Tag Archives: Gail Simone

10 Things to Learn from the March DC Comics Solicitations

The March solicitations for DC Comics have been released. Check it out. Here are my thoughts about what we’ve been shown this month.

1. Reintroductions. Several titles for the month of March focus on the reintroduction and reinterpretation of old characters from the pre-New 52 era. Some of the seem to be All New All Different and other look to be about the same. Still, they say they’re brand new, so maybe we’re still missing something.

The H.I.V.E. has traditionally been an enemy of the Teen Titans, however it appears to be focusing on Metropolis and therefore will come to blows with Superman. The H.I.V.E. has been subject to several changes to its core concept over the many years. It was originally a group of unnamed villains brought together to fight the Teen Titans, then it became a much bigger organization, until finally being taken over by the Queen Bee and becoming her actual ‘hive’. Time will tell how the group will be portrayed here. It could be something completely new.

Zealot will be joining Stormwatch in issue #18 and she appears to be creating problems for the group’s dynamic duo of Apollo and Midnighter. Zealot is a Kherubim, an alien race that has been at war with the Daemonites for thousands of years. If the conflict between these two races is still canon I think it’s likely that DC is building up to the introduction of the Wildcats. Grifter is now without a title and now that Spartan and possibly something to do with Mr. Majestic are being introduced in February, I think once Zealot plays her part in Stormwatch she could be showing up elsewhere.

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What is Happening to Vertigo?

Karen Berger has left Vertigo. If you don’t know who that is you should probably learn. She has been the Editor-in-Chief of Vertigo since its inception in 1993. She’s not just leaving the company, she’s apparently leaving the industry in general, desiring a “professional change.” Karen Berger has been a legend in her field for the past twenty years, helping to usher in titles like SandmanHellblazerV for VendettaFablesPreacherThe Invisibles100 BulletsY: The Last ManAmerican Vampire and many many others. It’s hard to think how the comic book imprint will function without her guiding it.

Perhaps that’s just what DC Comics wants, though. Recently, Vertigo has been on shaky grounds. A few years back DC changed their contract language, essentially taking away royalties if a creator’s comic doesn’t sell well. That sounds fair, but the company now holds their standards as high as 50,000 units sold, which Vertigo books never reach. Meaning all creators, even if their title is successful will miss out on royalties that they once were entitled to. This seems to be stemming from an idea that Vertigo isn’t really the moneymaker it used to be and DC has been left footing the bill for underperforming titles more than they prefer.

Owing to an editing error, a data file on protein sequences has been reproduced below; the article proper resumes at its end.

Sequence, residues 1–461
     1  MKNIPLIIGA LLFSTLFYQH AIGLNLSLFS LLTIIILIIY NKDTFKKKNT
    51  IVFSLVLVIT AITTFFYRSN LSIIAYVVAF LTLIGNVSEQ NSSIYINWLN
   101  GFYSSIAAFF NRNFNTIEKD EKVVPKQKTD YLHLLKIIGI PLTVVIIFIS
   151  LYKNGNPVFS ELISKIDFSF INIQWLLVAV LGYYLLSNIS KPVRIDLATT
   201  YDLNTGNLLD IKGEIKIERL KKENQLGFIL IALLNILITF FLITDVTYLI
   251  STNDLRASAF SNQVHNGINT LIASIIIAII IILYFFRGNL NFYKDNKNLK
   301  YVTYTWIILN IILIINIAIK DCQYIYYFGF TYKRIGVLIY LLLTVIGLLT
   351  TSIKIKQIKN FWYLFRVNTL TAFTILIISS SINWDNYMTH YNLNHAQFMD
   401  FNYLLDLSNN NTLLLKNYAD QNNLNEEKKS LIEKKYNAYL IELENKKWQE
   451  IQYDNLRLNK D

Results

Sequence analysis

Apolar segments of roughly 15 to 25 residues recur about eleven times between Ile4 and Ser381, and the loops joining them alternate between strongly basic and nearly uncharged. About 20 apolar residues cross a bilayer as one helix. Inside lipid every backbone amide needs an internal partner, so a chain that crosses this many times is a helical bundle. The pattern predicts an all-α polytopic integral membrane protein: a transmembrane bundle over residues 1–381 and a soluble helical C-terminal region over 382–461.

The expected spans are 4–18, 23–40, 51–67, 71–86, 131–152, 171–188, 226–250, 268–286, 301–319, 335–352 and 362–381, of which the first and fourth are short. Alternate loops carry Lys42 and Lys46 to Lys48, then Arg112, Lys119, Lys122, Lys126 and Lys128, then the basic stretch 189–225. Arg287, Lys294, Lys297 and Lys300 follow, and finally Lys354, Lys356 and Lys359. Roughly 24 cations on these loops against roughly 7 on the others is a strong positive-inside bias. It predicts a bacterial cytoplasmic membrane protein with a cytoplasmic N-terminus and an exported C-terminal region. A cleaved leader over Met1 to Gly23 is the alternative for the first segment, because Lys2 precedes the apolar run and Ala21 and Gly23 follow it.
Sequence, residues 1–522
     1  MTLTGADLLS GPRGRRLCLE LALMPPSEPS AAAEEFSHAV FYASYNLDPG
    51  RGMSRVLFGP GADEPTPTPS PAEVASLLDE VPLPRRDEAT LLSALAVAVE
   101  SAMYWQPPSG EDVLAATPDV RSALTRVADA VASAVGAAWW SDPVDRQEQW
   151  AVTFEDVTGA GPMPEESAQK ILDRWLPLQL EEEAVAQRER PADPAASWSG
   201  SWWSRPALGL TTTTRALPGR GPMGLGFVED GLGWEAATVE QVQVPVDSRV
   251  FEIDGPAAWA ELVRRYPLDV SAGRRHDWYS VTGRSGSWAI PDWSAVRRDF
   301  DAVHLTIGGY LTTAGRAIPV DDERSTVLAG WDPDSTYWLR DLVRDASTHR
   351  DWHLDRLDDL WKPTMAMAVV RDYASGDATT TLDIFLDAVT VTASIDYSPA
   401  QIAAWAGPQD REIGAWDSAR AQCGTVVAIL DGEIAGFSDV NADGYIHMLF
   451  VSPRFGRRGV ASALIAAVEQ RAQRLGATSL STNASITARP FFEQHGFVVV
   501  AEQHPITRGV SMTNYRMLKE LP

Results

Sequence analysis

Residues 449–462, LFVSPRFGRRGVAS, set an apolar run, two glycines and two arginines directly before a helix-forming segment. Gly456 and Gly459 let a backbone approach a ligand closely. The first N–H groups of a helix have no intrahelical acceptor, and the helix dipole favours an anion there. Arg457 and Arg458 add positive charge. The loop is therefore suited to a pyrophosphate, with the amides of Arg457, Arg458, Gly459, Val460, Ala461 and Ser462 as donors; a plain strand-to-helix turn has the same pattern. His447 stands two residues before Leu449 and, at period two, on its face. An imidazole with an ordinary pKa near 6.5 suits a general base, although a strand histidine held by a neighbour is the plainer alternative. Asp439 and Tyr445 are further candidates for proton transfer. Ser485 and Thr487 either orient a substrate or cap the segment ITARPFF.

While Vertigo still pays their writers the most in the creator-owned community, their previous contract changes have caused popular Vertigo creators to move their work to other comic book publishers. DC now owns 50% of the media property rights for all their Vertigo titles and, understandably, people don’t like that.

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Get Into The All-New Atom

The All-New Atom: My Life In Miniature (#1-6)
The All-New Atom: Future/Past (#7-11)
The All-New Atom: The Hunt For Ray Palmer (#12-16)
The All-New Atom: Small Wonder (#17-18, 20-25)

Do you know about the old Atom? You should, but even if you don’t, that won’t stop you from enjoying the new one. The Atom is a character who can shrink down to minuscule size to fight crime. That is actually a useful power when you need to be stealthy and you get the chance to explore tiny civilizations or dive into the human body. He can also punch people in the face really hard when he shifts his molecular density. The All-New Atom comes into possession of the Bangstick, a staff that allows him to fly and shoot energy blasts, so he does pack some heat.

The Atom as we know him today was created by the legendary Gardner Fox in 1961. It was part of National Publications’ (soon to be DC Comics) effort to revitalize and reintroduce their super-heroes after they had fallen out of favor in the 1950s. This era would be known as the Silver Age of comics, begun by the revamp of the Flash from Jay Garrick to Barry Allen, Ray Palmer replaced the Golden Age Atom, Al Pratt, as well. While the concept of the Flash remained intact, the Atom was reinvented for a new generation. Al Pratt was simply a really short man who fought crime with his fists. With science-fiction booming, the Atom was now a man of science who developed a way to shrink himself and decided to fight crime. He was one of the first Justice League recruits and even mentored a new group of Teen Titans for a time, but no one likes to talk about that anymore.

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